Reuse of construction materials

Reuse of construction materials is rewarded in the Nordic building LCA

Publiceret 09-05-2023

The Nordic countries face similar challenges when it comes to incite reuse in construction.
One way forward is through Life cycle assessment (LCA) of buildings where reuse of construction material is rewarded in the climate declarations for buildings. Currently, there is a window of opportunity for harmonising the approaches on to how to calculate reuse in LCA for buildings.

All of the Nordic countries have a strong focus on minimising the climate and environmental impact from construction. One method to do so is by implementing regulation that contribute to the decarbonisation of the building stock, such as obligatory climate declarations and setting a limit to how much CO2 you can emit when building.

Reuse of construction materials as the attractive choice

A major part of the climate impact of new buildings happens in the building phase because a lot of materials, often virgin resources, go into the production and it requires large amounts of energy to produce and transport construction materials. This makes reuse of construction materials an attractive choice when building; especially for countries like Denmark who have introduced limit values for the carbon footprint of buildings in the Danish building code. However, the question is: how should the emissions from reused construction products be calculated in LCA for construction?

Window of opportunity for more aligned methods of calculating emissions from reused construction products

Sweden, Finland and Norway have already chosen to give reused construction products an advantage by setting the CO2-emission to zero for the modules A1-A3 (raw materials, transport and manufacturing) in the LCA calculations. Norway differs slightly as they include the CO2-emissions from the processing of the product as well.

In a new political agreement, Denmark has also chosen to set the CO2-emissions for reused construction products for the LCA modules A1-A3 to zero, hence the same as the other Nordic countries who have made regulation on this.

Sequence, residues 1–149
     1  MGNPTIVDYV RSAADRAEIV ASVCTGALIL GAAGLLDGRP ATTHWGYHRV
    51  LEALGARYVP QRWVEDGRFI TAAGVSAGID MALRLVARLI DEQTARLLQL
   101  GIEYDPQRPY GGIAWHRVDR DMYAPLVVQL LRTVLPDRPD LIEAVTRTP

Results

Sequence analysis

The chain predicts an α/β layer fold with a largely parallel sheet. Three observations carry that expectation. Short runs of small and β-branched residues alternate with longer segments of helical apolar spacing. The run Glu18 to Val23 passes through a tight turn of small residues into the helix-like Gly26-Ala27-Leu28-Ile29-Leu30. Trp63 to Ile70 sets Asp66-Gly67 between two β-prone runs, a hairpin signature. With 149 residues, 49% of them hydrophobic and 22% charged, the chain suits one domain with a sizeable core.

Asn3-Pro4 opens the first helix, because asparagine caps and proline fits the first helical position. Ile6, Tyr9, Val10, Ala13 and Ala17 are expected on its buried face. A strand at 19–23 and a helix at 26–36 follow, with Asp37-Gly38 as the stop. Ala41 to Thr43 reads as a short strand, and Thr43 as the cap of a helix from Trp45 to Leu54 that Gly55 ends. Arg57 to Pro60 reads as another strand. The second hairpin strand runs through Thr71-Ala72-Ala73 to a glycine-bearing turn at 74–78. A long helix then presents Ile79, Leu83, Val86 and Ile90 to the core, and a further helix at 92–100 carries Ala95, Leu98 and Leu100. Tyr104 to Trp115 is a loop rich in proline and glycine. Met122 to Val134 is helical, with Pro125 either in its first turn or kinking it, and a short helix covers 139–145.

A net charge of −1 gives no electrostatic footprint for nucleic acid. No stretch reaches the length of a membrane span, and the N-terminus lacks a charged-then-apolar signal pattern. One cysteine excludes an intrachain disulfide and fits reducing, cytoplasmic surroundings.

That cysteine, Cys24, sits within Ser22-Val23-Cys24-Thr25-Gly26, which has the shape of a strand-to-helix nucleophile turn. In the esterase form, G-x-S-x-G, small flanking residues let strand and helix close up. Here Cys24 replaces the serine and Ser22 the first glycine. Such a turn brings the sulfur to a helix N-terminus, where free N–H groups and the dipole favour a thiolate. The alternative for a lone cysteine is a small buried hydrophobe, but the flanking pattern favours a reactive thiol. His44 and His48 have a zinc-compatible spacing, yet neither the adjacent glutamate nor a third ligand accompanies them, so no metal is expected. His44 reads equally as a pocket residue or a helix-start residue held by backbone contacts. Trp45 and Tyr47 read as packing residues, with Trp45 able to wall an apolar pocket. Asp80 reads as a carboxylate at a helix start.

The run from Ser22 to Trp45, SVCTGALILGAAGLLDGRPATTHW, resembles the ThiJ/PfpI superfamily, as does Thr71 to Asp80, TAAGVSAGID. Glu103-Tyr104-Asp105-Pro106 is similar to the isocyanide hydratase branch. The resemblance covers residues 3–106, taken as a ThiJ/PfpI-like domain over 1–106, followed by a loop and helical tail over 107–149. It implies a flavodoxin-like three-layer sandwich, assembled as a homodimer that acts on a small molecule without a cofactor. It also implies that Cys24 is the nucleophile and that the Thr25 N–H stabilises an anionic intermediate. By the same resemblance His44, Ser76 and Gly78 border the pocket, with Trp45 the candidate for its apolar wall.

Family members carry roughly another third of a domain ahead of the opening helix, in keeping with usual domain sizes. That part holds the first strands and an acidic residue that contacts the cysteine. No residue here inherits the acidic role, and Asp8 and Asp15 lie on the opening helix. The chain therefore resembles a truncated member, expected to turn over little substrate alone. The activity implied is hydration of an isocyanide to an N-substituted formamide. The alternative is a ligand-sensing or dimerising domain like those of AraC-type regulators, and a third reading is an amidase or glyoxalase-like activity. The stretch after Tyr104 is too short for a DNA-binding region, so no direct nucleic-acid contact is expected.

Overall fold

The Danish broad political agreement is currently in National hearing and the principles are expected to enter into force on January 1st 2024. Iceland is currently working on a roadmap for decarbonisation, and it is expected that more details on their regulation in this field will come later this year.

These are all important first steps; there is, however, still an open window for more harmonised approaches for the other modules of the LCA: The Nordic countries still use different methods, and they do not include the same LCA modules.

As an example, Sweden, Finland and Norway have chosen to include module A4/A5 (transport to site and installation) in their national climate declarations and thus have an aligned calculation approach.
The modules A4/A5 relates to the emissions from the transportation to the building site and the construction process, and for all three countries counts, that you can either include the generic values from a national database or calculate exact emissions. In Denmark, this phase is not yet included in the LCA and therefore, it is also not yet defined how a reused product should be calculated.

In the table underneath you can get the full overview of the LCA modules, which are relevant for reused products and how they are calculated - or expected to be calculated - in the modules across the Nordic countries.

How the Nordic countries calculate CO2-emissions from reused products in the LCA of new buildings

This table illustrates resemblances and differences in how the Nordic countries calculate CO2-emissions from reused products in the Life Cycle Assessment of buildings.